The village of Chekbel happens to be on the border between Kyrgyzstan and Tajikistan. Obviously this had not been a problem when Bekesh was growing up as it was all in the Soviet Union, but now there is an uneasy truce. Efforts are made to harmonise relations between the two communities but there are also efforts made to cause disruption, led by Adolat. Bekesh manages to stir things up and there is a fight between him and Ardolat and his friends, though peace is made.
Darpan is having lessons with a mullah on the other side (i.e. his stepfather’s side) and Bekesh visits the mullah, Shavvol. Shavvol criticises Manas – Your Manas is utterly heretical and erroneous, which does not improve relations between the two men.
Things are made more complicated when Tajikistan brings in the Chinese to build a road through the mountains. Some Tajiks are critical, saying it will benefit Kyrgyzstan, giving them a road through Tajikistan. Bekesh, Adolat and others try and befriend the Chinese with mixed results. Some of the Chinese have suffered at the hand of their government as, they were, in many cases, the illegal younger brother of an older sibling, at a time when the Chinese had the One Child policy. Bekesh is reminded that the Chinese were Manas’ worst enemy and that comparison is definitely made.
Things, however, get really messy when Bekesh organises a Bairam festival, aiming at bringing the two groups together. Not surprisingly, things get out of hand and then go from bad to worse. It was as if scenes from the Manas had come to life and the world of the dead had been recreated in Chekbel.
The military are called in and the border between the two countries is enforced. Bekesh is inevitably involved. He does try and escape and goes to meet another Manas reciter, Shapak, who lives a lonely life in the mountains with his elderly wife. We see from Shapak that here is more to being a Manas reciter than reciting Mans. He must also be a healer and, indeed, be able to see into people’s souls, which Shapak does with Bekesh. However, we also learn that a Manas reciter is often cursed.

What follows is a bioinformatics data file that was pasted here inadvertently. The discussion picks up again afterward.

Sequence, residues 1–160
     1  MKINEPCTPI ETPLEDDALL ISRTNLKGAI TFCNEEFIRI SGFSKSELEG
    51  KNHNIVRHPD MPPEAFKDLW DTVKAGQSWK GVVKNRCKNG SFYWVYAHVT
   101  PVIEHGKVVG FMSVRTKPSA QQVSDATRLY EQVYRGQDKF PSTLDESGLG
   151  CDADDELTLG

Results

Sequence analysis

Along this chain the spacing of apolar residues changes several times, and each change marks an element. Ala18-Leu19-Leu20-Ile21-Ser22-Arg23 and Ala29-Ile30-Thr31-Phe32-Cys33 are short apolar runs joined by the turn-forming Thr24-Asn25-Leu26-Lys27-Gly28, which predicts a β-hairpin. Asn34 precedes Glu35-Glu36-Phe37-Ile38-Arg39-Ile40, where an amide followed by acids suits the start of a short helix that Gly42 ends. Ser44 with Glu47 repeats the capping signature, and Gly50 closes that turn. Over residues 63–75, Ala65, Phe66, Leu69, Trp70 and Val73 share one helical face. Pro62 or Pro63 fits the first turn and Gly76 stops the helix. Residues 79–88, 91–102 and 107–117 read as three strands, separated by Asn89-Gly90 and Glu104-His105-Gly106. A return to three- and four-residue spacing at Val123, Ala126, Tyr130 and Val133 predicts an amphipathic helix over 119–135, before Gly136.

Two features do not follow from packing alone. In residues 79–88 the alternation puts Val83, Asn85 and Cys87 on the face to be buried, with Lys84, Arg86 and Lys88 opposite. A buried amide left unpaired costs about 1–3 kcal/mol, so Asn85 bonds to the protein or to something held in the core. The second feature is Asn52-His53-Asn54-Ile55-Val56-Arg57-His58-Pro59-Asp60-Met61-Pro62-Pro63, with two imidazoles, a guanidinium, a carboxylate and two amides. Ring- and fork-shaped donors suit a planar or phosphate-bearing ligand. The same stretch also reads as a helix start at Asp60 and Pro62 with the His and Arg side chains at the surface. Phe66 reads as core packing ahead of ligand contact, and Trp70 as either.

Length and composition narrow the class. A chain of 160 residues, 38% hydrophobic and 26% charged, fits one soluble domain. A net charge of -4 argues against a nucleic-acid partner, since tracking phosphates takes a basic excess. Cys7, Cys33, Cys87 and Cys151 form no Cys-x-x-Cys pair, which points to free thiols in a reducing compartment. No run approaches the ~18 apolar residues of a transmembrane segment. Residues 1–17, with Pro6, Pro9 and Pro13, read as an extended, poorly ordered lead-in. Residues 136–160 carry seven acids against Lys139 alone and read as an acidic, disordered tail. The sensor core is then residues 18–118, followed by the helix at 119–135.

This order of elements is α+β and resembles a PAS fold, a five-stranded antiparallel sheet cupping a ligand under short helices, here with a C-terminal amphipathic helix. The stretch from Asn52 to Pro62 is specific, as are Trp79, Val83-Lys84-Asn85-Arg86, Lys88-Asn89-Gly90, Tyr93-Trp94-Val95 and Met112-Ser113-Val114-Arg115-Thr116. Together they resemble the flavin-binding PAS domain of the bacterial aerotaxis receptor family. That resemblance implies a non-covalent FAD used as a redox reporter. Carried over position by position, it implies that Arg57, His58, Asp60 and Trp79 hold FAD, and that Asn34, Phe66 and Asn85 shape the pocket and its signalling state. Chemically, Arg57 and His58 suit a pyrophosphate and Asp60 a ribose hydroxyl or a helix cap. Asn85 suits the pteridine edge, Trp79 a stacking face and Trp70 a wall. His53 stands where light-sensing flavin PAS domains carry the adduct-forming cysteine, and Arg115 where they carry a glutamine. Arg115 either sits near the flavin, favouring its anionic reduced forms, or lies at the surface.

The book starts off fairly slowly, with Baisal’s death and Bekesh’s journey to Chekbel. However, it gradually picks up steam, as things get out of hand, and we finish with a crescendo.
Ismailov is, of course an Uzbek. Uzbeks do get mentioned but definitely not in a positive light, at least as seen by the Kyrgyz. However, the Manas legend, though very much a Kyrgyz legend, has a resonance throughout Central Asia, not least because of its hostility towards their traditional enemies, the Chinese.
Once again, Ismailov gives us a wonderful story or, rather, several wonderful stories. We get not only snippets from the Manas legend, but also the current conflicts – Islamists against Manas lovers, Tajik vs Kygyrz, Central Asians against the Chinese. Several people give us their take on the Manas legend, quoting it and/or reciting from it in their own words. We also get various stories or what they call parables from various characters but in particular from Uncle Sattor. In short, once again, we see that Hamid Ismailov is a pre-eminent story-teller as well as a documenter of the history of his people.
First published in English in 2021 by Tilted Axis Press
Note that the book has not been published in the original Uzbek
Translated by Donald Rayfield